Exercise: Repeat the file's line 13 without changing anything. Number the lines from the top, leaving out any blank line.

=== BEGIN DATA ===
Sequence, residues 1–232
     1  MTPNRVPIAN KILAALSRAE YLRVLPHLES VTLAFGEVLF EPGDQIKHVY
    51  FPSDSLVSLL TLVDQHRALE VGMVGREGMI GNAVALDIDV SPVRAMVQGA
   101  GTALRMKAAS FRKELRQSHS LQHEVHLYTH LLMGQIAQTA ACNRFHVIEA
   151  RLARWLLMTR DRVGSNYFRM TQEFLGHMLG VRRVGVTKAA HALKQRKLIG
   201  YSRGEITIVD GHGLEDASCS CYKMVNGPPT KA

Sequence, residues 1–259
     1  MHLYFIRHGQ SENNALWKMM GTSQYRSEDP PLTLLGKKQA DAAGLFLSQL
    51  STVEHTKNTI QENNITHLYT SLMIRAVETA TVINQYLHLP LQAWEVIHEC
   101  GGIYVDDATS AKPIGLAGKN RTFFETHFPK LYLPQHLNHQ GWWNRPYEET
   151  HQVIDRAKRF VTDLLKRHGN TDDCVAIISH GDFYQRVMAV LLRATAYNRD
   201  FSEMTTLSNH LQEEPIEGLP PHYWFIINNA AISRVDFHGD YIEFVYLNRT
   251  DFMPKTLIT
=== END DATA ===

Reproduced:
   251  DFMPKTLIT